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Sorry for not being this as programming question, but this caught my eye when I was trying to introspect my class objects.

I found this

{'user_id': 1, '_state': <django.db.models.base.ModelState object at 0x10ac2a750>, 'id': 2, 'playlist_id': 8}

What is the role of _state and what ModelState does?

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Be careful if you use _state in any of your code. It's not documented, so its behaviour could change between versions of Django. –  Alasdair Jul 19 '12 at 13:37

1 Answer 1

up vote 12 down vote accepted

From the Django source code, _state is a instance variable defined in each Model instance that is an instance of ModelState that is defined as:

class ModelState(object):
    A class for storing instance state
    def __init__(self, db=None):
        self.db = db
        # If true, uniqueness validation checks will consider this a new, as-yet-unsaved object.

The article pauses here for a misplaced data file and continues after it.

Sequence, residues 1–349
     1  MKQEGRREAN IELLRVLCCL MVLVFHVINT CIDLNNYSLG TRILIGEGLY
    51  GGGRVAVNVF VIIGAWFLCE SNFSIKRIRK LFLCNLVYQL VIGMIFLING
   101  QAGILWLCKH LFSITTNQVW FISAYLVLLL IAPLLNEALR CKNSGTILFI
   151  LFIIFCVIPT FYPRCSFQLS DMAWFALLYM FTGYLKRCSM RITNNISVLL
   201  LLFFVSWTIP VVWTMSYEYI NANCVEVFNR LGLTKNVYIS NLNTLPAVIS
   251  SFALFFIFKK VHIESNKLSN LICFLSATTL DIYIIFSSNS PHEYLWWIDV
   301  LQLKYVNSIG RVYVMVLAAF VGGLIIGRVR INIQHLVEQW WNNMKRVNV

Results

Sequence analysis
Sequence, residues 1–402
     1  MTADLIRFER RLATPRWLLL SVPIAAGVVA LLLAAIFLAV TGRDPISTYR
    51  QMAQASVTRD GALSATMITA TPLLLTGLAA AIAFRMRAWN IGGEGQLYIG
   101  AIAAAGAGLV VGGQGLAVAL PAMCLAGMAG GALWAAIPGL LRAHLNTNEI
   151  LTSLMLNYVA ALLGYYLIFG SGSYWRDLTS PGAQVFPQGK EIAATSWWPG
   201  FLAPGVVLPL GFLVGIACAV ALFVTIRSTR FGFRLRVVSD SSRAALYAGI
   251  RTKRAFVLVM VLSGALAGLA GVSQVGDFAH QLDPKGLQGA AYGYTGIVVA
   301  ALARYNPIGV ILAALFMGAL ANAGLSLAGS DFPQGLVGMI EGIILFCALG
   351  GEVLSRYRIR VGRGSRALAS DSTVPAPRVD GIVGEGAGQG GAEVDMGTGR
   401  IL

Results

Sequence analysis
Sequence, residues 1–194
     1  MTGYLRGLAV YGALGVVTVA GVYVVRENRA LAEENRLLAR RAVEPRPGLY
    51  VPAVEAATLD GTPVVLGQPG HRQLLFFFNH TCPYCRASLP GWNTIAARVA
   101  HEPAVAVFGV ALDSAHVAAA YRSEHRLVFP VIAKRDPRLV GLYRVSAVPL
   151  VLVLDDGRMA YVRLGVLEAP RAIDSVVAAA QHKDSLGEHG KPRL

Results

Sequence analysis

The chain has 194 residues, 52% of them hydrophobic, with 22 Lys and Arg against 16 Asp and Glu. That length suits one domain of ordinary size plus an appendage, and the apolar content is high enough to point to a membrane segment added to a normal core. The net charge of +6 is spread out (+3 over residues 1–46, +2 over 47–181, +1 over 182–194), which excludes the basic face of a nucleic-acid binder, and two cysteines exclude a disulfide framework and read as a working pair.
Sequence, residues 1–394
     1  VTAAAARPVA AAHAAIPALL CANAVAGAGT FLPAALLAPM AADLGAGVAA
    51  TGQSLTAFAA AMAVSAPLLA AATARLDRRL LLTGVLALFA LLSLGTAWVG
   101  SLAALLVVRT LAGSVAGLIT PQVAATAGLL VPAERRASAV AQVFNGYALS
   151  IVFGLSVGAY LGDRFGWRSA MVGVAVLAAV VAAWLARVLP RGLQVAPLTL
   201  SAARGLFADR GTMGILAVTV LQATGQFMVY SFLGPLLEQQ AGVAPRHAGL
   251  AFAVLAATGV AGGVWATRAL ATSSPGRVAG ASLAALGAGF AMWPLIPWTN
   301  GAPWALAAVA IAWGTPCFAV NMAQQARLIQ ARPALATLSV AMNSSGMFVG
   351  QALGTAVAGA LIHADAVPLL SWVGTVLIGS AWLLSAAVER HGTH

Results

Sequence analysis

# Necessary for correct validation of new instances of objects with explicit (non-auto) PKs.
        # This impacts validation only; it has no effect on the actual save.
        self.adding = True

So basically this instance variable is used to know if the Model instance was already written to a db (knowing that Django support multiple db backends) and to hold the db used, this instance variable attribute adding is set to false after saving the model instance, and it's used mostly (as the comment in the code above) for validating if the primary keys is unique.

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thanks for the answer I understand it now! –  daydreamer Jul 19 '12 at 13:43
You're welcome :) –  mouad Jul 19 '12 at 13:44
another case where I wouldn't have to scroll horizontally if the code was kept to 79 cols or less. –  Skylar Saveland Sep 19 '13 at 22:48

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